7 of 8 people found the following review helpful
I Loved the Book, If Not Henke! 30 Aug 2008
By John W. Dacey - Published on Amazon.com
Format: Hardcover
"Lone Wolf" is a very interesting book, biography/history told in a compelling fashion! The author, Timothy Mulligan, is to be congratulated on the different focus which he puts on the upbringing of Kapitaenleutnant Werner Henke, a very successful, if not overly bright German Submarine Commander during the last big war (it was in all of the papers!). Mulligan Illustrates differences between Naval Academies in the USA and Germany, which are very clever weeding-out processes and pecking order heirarchies within particular submarines, I guess one can find "office politics" everywhere. There is also eye-opening material about the aspect of intelligence/espionage and propaganda as used by both sides in the "Battle of the Atlantic" Unfortunately, though not a Nazi by any stretch or use of the word, Henke was not without integrity which more than likely lead to his undoing! That and an innate gullibility led to his demise. It's a good book, though, not $120.00 good but you should read it if submarines are a vital part of your interest!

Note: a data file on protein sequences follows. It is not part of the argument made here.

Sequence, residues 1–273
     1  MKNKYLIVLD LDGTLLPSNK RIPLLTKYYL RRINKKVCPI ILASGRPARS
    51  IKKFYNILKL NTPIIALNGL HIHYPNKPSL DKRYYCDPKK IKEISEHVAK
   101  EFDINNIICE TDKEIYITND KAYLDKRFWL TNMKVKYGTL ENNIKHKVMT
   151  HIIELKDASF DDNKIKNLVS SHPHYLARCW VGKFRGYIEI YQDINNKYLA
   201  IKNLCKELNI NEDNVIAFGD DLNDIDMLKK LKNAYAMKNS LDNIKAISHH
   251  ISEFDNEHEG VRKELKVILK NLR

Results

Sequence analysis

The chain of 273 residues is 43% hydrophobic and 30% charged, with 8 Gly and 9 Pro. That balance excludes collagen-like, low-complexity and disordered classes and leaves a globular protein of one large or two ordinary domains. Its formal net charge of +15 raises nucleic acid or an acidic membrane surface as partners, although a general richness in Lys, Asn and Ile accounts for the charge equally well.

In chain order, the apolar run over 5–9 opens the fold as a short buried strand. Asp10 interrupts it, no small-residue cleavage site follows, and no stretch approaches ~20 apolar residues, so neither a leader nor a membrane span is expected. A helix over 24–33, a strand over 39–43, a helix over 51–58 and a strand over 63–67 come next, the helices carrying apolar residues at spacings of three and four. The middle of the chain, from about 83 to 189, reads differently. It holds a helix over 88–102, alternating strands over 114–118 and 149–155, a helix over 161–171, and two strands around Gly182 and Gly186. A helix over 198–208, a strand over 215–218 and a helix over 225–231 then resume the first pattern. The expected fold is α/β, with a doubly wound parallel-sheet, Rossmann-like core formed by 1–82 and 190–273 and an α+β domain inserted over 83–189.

2 of 2 people found the following review helpful
book review 12 Nov 2013
By James Gill - Published on Amazon.com
Format: Hardcover Verified Purchase
nice book, good story, if you like true stories as I do of a German not a Hitler gang member
2 of 3 people found the following review helpful
Fascinating & Innformative Book 27 April 2013
By A. Nathaniel Wallace, Jr. - Published on Amazon.com